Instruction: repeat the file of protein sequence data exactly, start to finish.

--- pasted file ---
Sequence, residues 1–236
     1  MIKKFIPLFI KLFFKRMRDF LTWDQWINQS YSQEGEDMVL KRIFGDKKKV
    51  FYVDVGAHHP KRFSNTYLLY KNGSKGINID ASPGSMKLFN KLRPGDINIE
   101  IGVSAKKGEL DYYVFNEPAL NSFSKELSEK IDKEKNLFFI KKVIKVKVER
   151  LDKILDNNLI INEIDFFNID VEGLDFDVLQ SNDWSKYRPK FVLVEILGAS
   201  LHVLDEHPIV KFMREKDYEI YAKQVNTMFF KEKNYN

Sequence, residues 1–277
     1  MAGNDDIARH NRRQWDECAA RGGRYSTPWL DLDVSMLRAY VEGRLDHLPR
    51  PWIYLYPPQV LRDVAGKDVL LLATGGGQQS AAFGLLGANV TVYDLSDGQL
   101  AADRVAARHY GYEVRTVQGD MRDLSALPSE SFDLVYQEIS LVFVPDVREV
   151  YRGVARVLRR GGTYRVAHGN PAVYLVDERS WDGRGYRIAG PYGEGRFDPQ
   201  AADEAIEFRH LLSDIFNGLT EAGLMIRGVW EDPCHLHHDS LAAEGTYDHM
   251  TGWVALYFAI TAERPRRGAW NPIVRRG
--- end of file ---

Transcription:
Sequence, residues 1–236
     1  MIKKFIPLFI KLFFKRMRDF LTWDQWINQS YSQEGEDMVL KRIFGDKKKV
    51  FYVDVGAHHP KRFSNTYLLY KNGSKGINID ASPGSMKLFN KLRPGDINIE
   101  IGVSAKKGEL DYYVFNEPAL NSFSKELSEK IDKEKNLFFI KKVIKVKVER
   151  LDKILDNNLI INEIDFFNID VEGLDFDVLQ SNDWSKYRPK FVLVEILGAS
   201  LHVLDEHPIV KFMREKDYEI YAKQVNTMFF KEKNYN

Sequence, residues 1–277
     1  MAGNDDIARH NRRQWDECAA RGGRYSTPWL DLDVSMLRAY VEGRLDHLPR
    51  PWIYLYPPQV LRDVAGKDVL LLATGGGQQS AAFGLLGANV TVYDLSDGQL
   101  AADRVAARHY GYEVRTVQGD MRDLSALPSE SFDLVYQEIS LVFVPDVREV
   151  YRGVARVLRR GGTYRVAHGN PAVYLVDERS WDGRGYRIAG PYGEGRFDPQ
   201  AADEAIEFRH LLSDIFNGLT EAGLMIRGVW EDPCHLHHDS LAAEGTYDHM
   251  TGWVALYFAI TAERPRRGAW NPIVRRG